The nasty thing (for Microsoft) is that just about anybody who has contributed to the code that Microsoft sues some random user for using can probably ask for standing "because it's my code that they're impugning", and then counter-sue MS over some patent that they have (or have just been assigned by some friend in the OS community).

    We've already seen what's happen(ed,ing) to SCOX over their claims of 'millions of lines' of Linux code, now Microsoft is making similar claims -- and with the SCOTUS just having gutted patents, this seems to me like calling wolf, but everybody knows that, even if the wolf is real, it's lost most of it's teeth and claws and may be on a leash.

  • Dear Microsoft... (Score:3, Insightful)

    by Nom du Keyboard (633989) on Monday May 14, 2007 @01:21AM (#19109911)
    Dear Microsoft,

    Welcome to being the most hated company on Earth.

    Sincerely,
    The Computing World.

  • by Anonymous Coward on Monday May 14, 2007 @01:21AM (#19109913)
    More simply from another angle, a corporation is generally viewed under the law as a individual entity, aka an individual. Suing a corp is no different than suing an individual in these matters, and since it's obviously clear corps sue the hell out of each other, I don't see why you couldn't go after actual meat/flesh/human/real individuals in the same manner.

    But what I really wanted to get to--note how wonderfully this really might work out for Linux. We should be SALIVATING at this opportunity. See, it's irrelevant at present who can or can't be sued. Why? Because in both scenarios, MS shoots their legs off (no, not just their foot). It's that bad for them because they have both more customers AND deeper pockets--the result is actually more than additive:

    First, if MS's talk isn't FUD and they actually implement this stupid plan of theirs, new case law will come up to quickly clarify the extent which tier can be sued or both (customer or manufacturer or both).

    If one can sue customers, then (1) MS has the largest customer base presently and worse, (2), just opened up their customer base to counter lawsuits from IBM, Redhat, etc.--and (3) it won't just be open season on Linux, but whoever wants a piece of MS, companies using MS (think Fortune 500 companies and their accumulated wealth).

    (4) In turn, their customers may very well then have a case against MS in civil court (and if limited there, may be protected by certain consumer protection laws), since it was their product that caused you, the consumer/customer, to be sued. IANAL, but usually a EULA is enforced by contract law, and I recall parts of a contracted can be voided and a party held responsible if something in it is found to violate a law (iow, law overrides contracts). (5) Even consumer protection laws may kick in (as well as potentially interesting local laws).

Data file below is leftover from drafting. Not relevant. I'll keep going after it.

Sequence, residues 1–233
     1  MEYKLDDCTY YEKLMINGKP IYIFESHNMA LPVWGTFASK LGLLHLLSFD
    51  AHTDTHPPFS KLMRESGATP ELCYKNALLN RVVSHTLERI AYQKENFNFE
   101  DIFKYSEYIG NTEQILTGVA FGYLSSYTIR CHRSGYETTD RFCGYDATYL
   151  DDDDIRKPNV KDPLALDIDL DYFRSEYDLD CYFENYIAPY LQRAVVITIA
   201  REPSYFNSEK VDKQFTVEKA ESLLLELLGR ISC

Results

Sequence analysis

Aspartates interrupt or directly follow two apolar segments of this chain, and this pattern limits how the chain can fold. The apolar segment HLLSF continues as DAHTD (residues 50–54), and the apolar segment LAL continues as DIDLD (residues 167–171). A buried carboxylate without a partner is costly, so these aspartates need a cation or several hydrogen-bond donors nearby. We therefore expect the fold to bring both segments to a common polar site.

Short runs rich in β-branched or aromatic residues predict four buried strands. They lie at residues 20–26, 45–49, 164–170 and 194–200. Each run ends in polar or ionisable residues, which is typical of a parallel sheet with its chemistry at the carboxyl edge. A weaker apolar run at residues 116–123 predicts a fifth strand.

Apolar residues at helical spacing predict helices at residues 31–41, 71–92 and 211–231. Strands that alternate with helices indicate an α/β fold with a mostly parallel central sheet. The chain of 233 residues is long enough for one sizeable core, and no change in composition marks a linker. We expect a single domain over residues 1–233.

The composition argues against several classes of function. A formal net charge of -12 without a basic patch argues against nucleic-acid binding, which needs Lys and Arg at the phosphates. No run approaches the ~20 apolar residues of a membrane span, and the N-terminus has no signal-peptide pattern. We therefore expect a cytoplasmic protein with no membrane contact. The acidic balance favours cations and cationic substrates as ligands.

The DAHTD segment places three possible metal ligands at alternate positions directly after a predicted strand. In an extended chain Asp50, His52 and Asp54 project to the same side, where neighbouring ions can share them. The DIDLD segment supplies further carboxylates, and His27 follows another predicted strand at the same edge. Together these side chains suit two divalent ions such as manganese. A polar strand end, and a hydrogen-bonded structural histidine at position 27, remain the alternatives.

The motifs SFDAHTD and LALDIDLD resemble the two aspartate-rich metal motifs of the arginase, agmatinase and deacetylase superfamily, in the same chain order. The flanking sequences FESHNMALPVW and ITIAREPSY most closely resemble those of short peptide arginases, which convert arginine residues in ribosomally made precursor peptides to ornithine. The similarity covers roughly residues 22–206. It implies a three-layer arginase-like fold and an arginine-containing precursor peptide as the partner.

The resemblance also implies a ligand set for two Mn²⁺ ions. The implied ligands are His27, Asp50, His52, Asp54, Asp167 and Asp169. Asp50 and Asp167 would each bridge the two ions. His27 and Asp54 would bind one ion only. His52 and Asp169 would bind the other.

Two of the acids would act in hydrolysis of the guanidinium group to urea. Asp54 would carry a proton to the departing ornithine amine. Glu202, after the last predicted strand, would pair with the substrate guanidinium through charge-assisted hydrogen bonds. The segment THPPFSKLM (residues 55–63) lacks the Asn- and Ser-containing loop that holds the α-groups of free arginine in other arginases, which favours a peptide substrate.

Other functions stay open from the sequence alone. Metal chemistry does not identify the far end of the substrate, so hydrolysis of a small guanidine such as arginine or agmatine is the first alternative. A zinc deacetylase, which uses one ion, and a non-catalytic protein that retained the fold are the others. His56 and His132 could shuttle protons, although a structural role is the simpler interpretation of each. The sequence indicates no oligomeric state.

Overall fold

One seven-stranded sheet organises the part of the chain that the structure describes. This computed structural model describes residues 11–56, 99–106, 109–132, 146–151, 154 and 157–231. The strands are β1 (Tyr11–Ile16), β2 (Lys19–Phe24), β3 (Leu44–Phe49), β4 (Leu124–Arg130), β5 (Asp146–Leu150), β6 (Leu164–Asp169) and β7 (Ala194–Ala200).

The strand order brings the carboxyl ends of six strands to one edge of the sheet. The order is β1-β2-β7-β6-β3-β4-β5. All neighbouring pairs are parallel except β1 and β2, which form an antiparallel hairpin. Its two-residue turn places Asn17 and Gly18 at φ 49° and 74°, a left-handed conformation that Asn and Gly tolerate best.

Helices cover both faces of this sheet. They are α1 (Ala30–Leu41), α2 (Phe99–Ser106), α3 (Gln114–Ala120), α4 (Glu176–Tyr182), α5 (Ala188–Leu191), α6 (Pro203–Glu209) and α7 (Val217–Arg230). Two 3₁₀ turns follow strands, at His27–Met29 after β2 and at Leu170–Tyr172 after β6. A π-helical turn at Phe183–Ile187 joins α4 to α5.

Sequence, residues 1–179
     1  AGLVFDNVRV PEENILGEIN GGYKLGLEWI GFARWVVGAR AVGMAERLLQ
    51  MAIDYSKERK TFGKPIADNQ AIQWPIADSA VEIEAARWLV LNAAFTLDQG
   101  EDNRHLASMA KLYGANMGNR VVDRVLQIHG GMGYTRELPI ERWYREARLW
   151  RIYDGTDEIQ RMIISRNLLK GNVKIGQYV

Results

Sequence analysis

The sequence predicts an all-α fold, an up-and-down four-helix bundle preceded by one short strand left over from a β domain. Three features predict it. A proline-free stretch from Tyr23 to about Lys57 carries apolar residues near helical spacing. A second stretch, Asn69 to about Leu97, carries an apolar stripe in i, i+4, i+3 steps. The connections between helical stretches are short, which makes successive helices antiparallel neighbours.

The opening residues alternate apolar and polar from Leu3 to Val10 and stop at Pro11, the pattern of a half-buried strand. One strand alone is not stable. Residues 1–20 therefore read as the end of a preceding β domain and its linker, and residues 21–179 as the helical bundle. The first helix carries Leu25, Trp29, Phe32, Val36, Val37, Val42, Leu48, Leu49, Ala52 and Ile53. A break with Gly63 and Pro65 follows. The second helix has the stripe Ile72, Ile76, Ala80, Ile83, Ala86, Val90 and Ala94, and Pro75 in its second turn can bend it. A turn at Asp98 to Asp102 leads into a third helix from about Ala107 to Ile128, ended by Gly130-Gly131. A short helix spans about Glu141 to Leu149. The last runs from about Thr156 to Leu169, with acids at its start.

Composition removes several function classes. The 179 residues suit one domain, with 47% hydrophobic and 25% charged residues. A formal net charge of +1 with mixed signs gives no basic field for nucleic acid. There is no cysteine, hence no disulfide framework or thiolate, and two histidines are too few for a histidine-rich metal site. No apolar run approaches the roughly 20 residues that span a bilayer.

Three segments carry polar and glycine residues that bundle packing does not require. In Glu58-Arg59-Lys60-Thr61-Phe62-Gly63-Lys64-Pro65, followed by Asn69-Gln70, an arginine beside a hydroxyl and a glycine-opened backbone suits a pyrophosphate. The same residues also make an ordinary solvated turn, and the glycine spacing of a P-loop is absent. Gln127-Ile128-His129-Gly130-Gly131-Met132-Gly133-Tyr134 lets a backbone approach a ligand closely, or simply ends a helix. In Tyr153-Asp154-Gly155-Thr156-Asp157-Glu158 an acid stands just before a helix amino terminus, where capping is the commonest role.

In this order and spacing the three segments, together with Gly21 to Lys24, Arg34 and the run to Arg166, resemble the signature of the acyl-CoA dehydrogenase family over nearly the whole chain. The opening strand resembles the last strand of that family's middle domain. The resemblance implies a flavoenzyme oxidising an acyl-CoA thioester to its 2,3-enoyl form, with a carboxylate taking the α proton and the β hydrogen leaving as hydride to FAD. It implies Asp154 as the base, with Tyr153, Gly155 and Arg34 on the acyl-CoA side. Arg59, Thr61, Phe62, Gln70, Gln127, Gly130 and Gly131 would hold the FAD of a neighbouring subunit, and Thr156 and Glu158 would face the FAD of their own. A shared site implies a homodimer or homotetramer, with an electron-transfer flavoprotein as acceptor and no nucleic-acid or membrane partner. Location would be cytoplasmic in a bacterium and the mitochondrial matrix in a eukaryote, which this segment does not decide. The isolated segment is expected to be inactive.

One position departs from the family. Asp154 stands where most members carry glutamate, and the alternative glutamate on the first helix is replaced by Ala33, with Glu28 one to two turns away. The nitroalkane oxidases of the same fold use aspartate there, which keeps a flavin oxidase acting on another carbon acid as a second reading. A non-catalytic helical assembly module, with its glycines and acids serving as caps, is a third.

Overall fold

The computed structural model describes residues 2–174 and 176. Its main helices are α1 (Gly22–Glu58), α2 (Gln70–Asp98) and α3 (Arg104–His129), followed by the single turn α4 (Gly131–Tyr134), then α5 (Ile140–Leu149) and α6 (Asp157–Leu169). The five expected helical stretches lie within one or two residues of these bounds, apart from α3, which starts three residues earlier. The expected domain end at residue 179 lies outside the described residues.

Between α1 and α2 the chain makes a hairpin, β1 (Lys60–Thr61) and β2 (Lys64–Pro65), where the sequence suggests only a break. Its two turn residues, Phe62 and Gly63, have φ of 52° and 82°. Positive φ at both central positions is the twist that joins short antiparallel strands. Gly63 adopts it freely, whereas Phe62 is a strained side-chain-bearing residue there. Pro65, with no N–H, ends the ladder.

OTOH, if the case law turns out to be such that you cannot sue customers or must sue a higher tier, well, MS's plan/threats/FUD about suing customers just went down the drain. Customers are safe. MS starts suing larger companies at their own risk in the typical legal battle.
  • by beemishboy (781239) on Monday May 14, 2007 @01:29AM (#19109965)
    The maker of the product is responsible for the patent violation.

    While this is true in the direct sense, the customers of RIM were the ones who were ultimately forced to pay if it came to that - they were the ones who would not have been able to use the service anymore. In this MS versus open source case, potentially, the customers of either side will suffer as a result of this legal wrangling and posturing. Maybe not, maybe it will be a good thing to get this whole fear, uncertainty, and doubt cleared up actually.

    No offense, but in general the customer is always affected by these things to a greater or lesser extent. This was especially true in the case of RIM because it is a service provider, the customer was held hostage to the will of the courts, which was ironic considering that the legal system used RIM's services heavily. They couldn't rule based on that but that's what effect it had.
  • I hope not, McCarthy is only reviled in modern politics and was VERY successful during his day.

    While the guy had absolutely none of the information and was a quack, more recently unclassified documents (such as the Venona papers) indicate that he was more correct than wrong - even if one discounts the disputed parts. While that is pure luck and does nothing to exonerate him (as an old saying goes "even a blind squirrel finds nut sometimes"), I do not want any part to be mostly true.

    I would rather Microsoft be like SCO - just full of shit. I suspect they are - I suspect that they are reading patents overly broad and it will never see anything more than PR. It *may* go to a threat stage, but I doubt a real court case - they do not want patent to be ruled that broad either as they, too, would be in violation of hundreds of patents.